Posts Tagged ‘sunshine’

Armadillo’s are nocturnal creatures, the only ones I’ve seen have been laying dead by the side of the road . I am  a crepuscular creature, preferring  the twilight and  dawn hours when it’s cool. I like to head out early and come home late, before the sun explodes and showers it’s violent burning radiation onto the world . It’s the singular intensity of  radiation that really turns me on. I love the incredible color separation at high noon when every blade of grass, tree and golden hay bale in the field is glowing  and redefined as if by HDR Photoshop effect. I come from a place where the sun rarely shines…and when it does it’s weak and apologetic.

I have developed a special appreciation for the sun after growing up in sun starved Vancouver BC Canada where people walk with their hidden heads bowed submissively and that element of their miserable existence has become an aspect of their societies wider personality. It’s not called ‘No-fun Vancouver’ for no good reason. Events are contrived and politically managed….there is no spontaneity there…people are never free to be …outside. Its the sunshine and being able to live out of doors that makes places like Texas so cool.

When we drive down the Texas highways and the clouds pop out glowing white against an intensely cerulean sky as if we’re sitting in a moving IMAX 3-D theater….it’s otherworldly. I can imagine coming to an understanding why people see the face of God more often in places where nature is such an intense experience. This weekend we visited historic Jefferson in Johnson County on the Louisiana border and Greenville…further north towards Oklahoma. The higher elevation of Johnson County produced a surprise… tall pines forests as opposed to the dry deserts of southern plains. Jefferson is where the bayou’s begin and steam boat travel was once possible from Baton Rouge on the Gulf Coast.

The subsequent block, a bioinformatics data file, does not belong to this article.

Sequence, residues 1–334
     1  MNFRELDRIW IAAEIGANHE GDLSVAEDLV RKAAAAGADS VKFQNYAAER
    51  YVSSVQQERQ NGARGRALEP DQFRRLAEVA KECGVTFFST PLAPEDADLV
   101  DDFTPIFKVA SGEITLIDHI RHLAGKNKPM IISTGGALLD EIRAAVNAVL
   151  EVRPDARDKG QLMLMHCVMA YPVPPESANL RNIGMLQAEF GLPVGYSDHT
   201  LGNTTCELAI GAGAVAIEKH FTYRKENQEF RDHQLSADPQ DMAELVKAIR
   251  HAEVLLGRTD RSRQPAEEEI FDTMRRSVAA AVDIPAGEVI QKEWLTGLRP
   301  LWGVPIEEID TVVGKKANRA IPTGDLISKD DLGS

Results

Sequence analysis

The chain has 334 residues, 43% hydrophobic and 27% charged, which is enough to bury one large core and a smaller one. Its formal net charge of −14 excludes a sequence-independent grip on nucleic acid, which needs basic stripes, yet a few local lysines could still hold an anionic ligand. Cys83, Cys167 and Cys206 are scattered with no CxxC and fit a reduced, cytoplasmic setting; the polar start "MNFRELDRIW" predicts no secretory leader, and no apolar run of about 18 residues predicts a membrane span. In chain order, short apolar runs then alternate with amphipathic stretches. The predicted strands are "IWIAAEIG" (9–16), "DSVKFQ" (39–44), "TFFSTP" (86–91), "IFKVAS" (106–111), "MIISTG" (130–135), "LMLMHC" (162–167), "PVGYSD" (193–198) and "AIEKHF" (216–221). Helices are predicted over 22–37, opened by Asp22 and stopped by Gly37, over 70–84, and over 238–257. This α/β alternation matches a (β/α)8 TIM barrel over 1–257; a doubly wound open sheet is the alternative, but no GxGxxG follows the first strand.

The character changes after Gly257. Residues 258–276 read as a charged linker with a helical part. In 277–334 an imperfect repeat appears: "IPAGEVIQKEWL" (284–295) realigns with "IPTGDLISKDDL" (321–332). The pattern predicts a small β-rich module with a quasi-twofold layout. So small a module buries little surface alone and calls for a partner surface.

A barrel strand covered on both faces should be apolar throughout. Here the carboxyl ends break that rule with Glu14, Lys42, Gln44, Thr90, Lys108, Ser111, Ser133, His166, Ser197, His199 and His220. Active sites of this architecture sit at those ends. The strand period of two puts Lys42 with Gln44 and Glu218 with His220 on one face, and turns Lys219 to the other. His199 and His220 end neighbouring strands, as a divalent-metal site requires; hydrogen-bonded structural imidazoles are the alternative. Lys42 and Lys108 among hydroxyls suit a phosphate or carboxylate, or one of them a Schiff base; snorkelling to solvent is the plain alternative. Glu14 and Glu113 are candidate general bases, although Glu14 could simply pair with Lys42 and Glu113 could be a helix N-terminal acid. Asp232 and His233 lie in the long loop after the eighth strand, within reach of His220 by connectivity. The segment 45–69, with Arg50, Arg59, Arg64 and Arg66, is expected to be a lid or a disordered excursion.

On the way we stopped in McKinney for lunch…. a sweet and well preserved old west  town north of Plano on the 75 Hwy North of Dallas.  We stop as much as we can in whatever local phenomena happens along the way….this time it was the Dairy Queen in Farmersville, maybe one of the last whitest places in America. We caught the lunch crowd as the Baptist church across the road was getting out.

Strangers are obviously unusual in rural Texas, we turned the conversation down to a whisper when walking through the door. I wanted to apologize for Canada burning down the White House in the War of 1812….but  a mixed couple with strange accents and glowing sun tans was as much as  this crowd could handle.  I learned something….I now know you can order biscuits and peppery sausage gravy at the Farmersville Dairy Queen.

Road trips through small town America have to taken in convertibles. Its true….you can drive for days and still wake up in Texas. The open roof adds intensity to the tactile experience… like taking communion with the world around you. The scenery and sounds blast by in motion and audible parallax while wind buffets and slaps your face and  sunshine burns your skin raw so that you glow…and exhibit raccoon eyes in the rear view mirror… it’s exhilarating. Before settling on  Camaros we drove many different vehicles. I find the Camaro Convertible to be the best road trip car I have ever driven.